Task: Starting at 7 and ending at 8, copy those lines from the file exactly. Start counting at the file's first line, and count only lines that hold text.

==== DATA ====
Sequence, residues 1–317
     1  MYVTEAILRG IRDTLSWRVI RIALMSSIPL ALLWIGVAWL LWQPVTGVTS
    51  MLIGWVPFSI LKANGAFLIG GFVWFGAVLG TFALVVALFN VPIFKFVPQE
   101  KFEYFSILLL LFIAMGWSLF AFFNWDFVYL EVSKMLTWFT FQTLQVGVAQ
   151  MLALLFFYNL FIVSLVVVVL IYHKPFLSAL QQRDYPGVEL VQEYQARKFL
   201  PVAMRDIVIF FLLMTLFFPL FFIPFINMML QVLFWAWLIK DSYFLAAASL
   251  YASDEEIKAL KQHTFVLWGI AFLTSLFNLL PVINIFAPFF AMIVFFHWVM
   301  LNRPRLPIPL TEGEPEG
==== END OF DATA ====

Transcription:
   251  YASDEEIKAL KQHTFVLWGI AFLTSLFNLL PVINIFAPFF AMIVFFHWVM
   301  LNRPRLPIPL TEGEPEG